The Ice Cellar

Memories from my childhood – an eyewitness account by Steen Weile

When I was a scout in Augustenborg, we used to get out and about a lot in the countryside. On a scout patrol, we passed the ice cellar, which had an entrance under the stone facing the Forest. It was blocked, but there was a crack that you could squeeze under. We had previously entered the anteroom and looked down into the large hole behind an old worn door.

After the scout patrol, some of us thought it might be fun to get down to the bottom and see if there was anything exciting down there. One of us had a rope ladder at home, so after changing from scout uniform to old clothes, we met and went down to the gardens with the rope ladder.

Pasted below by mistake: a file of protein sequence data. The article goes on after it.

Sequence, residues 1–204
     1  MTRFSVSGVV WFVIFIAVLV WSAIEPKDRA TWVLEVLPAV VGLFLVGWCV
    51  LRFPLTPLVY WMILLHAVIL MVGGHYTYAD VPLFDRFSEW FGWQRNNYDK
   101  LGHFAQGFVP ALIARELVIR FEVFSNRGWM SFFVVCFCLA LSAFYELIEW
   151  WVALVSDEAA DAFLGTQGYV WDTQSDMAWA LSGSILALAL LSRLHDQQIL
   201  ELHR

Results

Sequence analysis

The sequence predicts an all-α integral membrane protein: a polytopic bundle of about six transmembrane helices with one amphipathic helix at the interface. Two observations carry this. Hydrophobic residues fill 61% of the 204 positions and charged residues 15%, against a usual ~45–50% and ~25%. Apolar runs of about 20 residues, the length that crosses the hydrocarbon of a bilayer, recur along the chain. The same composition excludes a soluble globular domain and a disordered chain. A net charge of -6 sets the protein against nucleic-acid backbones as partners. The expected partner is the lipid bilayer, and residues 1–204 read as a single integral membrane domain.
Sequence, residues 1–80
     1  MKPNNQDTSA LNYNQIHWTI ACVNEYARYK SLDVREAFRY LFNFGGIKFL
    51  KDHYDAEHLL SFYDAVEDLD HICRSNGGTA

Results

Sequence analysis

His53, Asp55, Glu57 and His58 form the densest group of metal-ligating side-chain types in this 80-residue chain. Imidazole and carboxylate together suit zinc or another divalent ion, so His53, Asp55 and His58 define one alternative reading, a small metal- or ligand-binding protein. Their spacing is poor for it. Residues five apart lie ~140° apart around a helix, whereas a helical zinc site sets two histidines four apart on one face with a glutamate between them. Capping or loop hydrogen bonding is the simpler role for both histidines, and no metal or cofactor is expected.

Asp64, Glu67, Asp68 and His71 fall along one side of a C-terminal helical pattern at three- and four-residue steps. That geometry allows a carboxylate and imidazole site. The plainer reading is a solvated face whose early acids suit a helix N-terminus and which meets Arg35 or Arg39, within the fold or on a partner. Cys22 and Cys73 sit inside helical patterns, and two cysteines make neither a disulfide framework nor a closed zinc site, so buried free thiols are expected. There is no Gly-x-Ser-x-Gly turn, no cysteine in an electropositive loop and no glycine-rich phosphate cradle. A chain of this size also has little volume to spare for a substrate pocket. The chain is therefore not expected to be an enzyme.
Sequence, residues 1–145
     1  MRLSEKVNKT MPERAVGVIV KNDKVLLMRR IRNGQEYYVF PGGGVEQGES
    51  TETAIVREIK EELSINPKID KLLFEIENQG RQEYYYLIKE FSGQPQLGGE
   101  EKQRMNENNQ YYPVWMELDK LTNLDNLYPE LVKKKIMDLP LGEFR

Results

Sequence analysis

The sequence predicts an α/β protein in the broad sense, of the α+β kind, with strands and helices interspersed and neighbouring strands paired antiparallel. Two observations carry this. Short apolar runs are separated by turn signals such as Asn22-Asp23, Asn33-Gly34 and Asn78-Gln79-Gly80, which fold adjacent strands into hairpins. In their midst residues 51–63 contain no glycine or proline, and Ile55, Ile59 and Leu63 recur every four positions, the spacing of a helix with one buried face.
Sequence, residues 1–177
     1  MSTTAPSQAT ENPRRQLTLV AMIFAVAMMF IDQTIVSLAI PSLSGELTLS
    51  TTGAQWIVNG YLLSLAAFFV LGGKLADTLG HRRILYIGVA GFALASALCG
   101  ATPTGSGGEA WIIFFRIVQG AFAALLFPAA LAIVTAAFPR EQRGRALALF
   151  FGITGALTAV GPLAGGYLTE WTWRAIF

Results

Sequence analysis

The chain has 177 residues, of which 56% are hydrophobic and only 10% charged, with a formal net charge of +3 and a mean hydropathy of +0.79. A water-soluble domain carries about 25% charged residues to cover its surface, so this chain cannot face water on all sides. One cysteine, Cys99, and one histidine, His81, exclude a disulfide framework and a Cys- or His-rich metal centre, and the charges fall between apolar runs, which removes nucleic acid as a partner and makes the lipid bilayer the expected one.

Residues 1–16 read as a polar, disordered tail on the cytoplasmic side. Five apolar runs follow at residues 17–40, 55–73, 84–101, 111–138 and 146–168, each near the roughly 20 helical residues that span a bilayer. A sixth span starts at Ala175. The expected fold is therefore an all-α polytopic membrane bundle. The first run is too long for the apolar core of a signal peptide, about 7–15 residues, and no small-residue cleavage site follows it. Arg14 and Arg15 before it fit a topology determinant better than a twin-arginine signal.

At the ice cellar we entered through the crack, and in the antechamber, we got the rope ladder attached, and three of us climbed about five metres down into the ice chamber, while I stayed in the antechamber and kept “guard”.

They examined the bottom of the ice chamber very carefully but found nothing interesting and climbed up again. Someone must have heard about our expedition, because shortly after the entrance was completely blocked, and to my knowledge has not been opened since.

My grandfather, Viggo Weile, was a bricklayer at the palace from 1932 to 1970, and he told me that there was an underground passage from the ice chamber up to the palace. It was partly caved in and pretty dangerous. He was therefore given the task to brick up the entrance from the ice chamber. In the old days, people did not have electric refrigerators and freezers. In the winter, large blocks of ice were sawn out of the frozen fjord and transported to the ice cellar, where they could stay frozen until late summer. When the palace kitchen needed to cool food and drinks, smaller ice blocks were retrieved and placed in ice cabinets. This made it possible to serve cold dishes and desserts, such as ice cream, most of the year.